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IdomeneoNew Production

This listing is in the past
OpernhausFalkenstrasse 1, Zürich, 8008, Switzerland
February 04, 07, 10, 13, 16, 18 13:00, 23 19:30, 27, March 02 (at 19:00 unless shown)
Zurich Opera
Giovanni AntoniniConductor
Jetske MijnssenDirector
Gideon DaveySet Designer
Dieuweke van ReijCostume Designer
Joseph KaiserTenorIdomeneo
Anna StéphanyMezzo-sopranoIdamante
Hanna-Elisabeth MüllerSopranoIlia
Guanqun YuSopranoElettra
Airam HernandezTenorArbace
Ildo SongBassThe Oracle of Neptune
Iain MilneTenorHigh Priest
Orchestra La Scintilla Zurich
Zurich Opera Chorus
Franck EvinLighting Designer

It is probably Mozart’s most personal work: Idomeneo, premièred in Munich in 1781. Mozart had not written any opera since his Salzburg production of Il Re pastore of 1775, but now the sluice gates were open: no longer a child prodigy, just about to break away from his father and assert himself as a freelance musician, with Idomeneo Mozart wrote not only his most unconventional and musically substantial, but also his most profound opera score. Arguably, in no other of Mozart’s works for the stage are the figures so at odds with themselves and confronted with their own human weaknesses and emotional instability as in Idomeneo.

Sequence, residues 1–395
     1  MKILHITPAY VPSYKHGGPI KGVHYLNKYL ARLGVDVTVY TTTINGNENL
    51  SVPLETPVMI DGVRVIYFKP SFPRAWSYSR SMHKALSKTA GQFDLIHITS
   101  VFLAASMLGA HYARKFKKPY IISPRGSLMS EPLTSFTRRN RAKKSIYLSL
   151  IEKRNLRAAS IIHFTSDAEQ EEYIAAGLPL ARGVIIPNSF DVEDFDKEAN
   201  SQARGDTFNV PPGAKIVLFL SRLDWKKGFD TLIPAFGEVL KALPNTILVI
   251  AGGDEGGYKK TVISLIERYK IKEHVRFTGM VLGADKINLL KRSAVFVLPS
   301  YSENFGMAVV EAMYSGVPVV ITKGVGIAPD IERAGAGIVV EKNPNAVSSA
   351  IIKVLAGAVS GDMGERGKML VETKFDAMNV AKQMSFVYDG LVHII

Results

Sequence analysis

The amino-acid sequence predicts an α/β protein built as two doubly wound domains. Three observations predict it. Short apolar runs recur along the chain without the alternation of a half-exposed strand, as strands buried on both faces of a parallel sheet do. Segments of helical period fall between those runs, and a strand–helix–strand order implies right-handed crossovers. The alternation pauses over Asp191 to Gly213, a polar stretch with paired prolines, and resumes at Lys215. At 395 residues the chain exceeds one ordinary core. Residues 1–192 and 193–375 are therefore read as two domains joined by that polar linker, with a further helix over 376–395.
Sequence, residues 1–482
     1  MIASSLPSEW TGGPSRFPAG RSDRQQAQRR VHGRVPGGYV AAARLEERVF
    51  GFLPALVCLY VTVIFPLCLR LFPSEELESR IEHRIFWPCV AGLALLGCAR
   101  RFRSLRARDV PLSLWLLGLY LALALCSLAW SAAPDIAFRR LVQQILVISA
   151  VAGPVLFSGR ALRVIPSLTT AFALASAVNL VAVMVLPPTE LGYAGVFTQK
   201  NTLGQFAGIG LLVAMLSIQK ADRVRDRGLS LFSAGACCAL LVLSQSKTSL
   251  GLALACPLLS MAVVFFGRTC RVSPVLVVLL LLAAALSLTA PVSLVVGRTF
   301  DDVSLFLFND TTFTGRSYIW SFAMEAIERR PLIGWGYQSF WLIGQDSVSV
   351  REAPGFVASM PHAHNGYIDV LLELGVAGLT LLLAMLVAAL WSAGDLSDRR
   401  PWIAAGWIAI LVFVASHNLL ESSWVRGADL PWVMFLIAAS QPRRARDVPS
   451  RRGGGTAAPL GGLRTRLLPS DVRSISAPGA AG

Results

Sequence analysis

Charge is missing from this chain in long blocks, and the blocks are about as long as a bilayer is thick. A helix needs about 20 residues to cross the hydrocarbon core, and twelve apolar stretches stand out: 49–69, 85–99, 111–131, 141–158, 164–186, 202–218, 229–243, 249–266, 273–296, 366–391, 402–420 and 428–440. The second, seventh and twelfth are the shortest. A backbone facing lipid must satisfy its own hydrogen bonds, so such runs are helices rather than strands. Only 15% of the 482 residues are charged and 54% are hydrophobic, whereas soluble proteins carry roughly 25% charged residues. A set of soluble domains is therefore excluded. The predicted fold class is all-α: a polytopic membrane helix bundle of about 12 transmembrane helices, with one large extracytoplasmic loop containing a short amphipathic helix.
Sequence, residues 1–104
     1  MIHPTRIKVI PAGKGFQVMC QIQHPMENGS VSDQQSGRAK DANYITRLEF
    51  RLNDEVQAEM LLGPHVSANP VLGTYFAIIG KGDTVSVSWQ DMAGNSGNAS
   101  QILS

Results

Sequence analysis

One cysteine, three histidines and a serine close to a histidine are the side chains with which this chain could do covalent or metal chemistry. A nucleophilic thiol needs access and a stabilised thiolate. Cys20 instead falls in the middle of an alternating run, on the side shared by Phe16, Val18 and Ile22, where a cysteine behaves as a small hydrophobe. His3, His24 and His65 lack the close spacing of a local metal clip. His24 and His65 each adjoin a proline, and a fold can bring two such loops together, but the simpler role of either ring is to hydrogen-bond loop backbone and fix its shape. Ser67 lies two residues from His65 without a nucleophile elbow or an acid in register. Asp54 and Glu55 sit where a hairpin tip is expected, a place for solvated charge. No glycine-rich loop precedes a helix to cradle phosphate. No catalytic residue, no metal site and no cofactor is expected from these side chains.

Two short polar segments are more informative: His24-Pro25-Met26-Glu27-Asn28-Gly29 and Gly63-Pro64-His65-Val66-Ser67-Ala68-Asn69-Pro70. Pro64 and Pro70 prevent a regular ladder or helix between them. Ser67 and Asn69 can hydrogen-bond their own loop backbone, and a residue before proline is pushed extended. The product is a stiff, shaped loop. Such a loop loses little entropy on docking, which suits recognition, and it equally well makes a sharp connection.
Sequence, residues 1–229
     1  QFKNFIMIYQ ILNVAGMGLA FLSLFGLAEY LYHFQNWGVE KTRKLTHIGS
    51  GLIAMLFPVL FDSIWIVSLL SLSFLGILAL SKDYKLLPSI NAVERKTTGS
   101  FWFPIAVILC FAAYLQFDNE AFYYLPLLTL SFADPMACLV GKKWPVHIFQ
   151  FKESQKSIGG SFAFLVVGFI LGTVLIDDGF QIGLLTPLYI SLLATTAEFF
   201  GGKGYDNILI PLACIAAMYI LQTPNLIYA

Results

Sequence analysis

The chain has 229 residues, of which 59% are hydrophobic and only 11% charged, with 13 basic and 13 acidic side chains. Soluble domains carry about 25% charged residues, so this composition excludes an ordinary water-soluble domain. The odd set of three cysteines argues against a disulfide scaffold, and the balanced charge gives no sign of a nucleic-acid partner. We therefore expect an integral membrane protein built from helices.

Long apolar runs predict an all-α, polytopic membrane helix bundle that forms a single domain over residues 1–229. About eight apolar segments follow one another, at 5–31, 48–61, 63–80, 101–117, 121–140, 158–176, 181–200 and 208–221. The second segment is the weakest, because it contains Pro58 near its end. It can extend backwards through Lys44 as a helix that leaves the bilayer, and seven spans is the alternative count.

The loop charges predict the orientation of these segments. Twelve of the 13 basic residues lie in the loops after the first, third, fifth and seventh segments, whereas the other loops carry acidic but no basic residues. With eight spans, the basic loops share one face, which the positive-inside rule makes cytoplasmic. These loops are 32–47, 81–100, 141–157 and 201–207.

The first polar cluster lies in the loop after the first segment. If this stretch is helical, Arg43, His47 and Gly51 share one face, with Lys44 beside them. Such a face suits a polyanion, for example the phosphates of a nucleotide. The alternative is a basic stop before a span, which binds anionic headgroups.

First and foremost, of course, is Idomeneo, King of Crete, whose ship, homeward bound after the Trojan War, runs into trouble. Idomeneo swears the fatal oath to the god Neptune that he will sacrifice the first man he encounters if he is saved. It is his own son, Idamante. Tormented by guilt, but unable to contest the oath, Idomeneo is ultimately prepared to take matters to their extreme conclusion. Idamante, who is about to succeed Idomeneo as king, is traumatised by his father’s rejection. For her part, Ilia, the Trojan princess who has lost her parents and her country in the war, suffers great inner conflict due to her love for Idamante, an enemy of her people. Nonetheless, it is the outsider who points the way out of this horrifying dilemma with the power of love. Ultimately, Mozart has his figures become autonomous human beings who overcome antiquated structures.

We were fortunate in being able to engage Giovanni Antonini, one of the exciting conductors of the classical repertoire, for our new production. We look forward to another encounter with Joseph Kaiser as Idomeneo. Anna Stéphany will take on the role of Idamante, and the young soprano Hanna-Elisabeth Müller can be heard as Ilia – her first performance in an operatic production at Zurich Opera. All three soloists will be giving débuts in their respective roles. Director Jetske Mijnssen, who recently impressed audiences with Haydn’s Orlando paladino, will be staging this exceptional work, which the musicologist Alfred Einstein once described as an “incredibly audacious drama in operatic form.”

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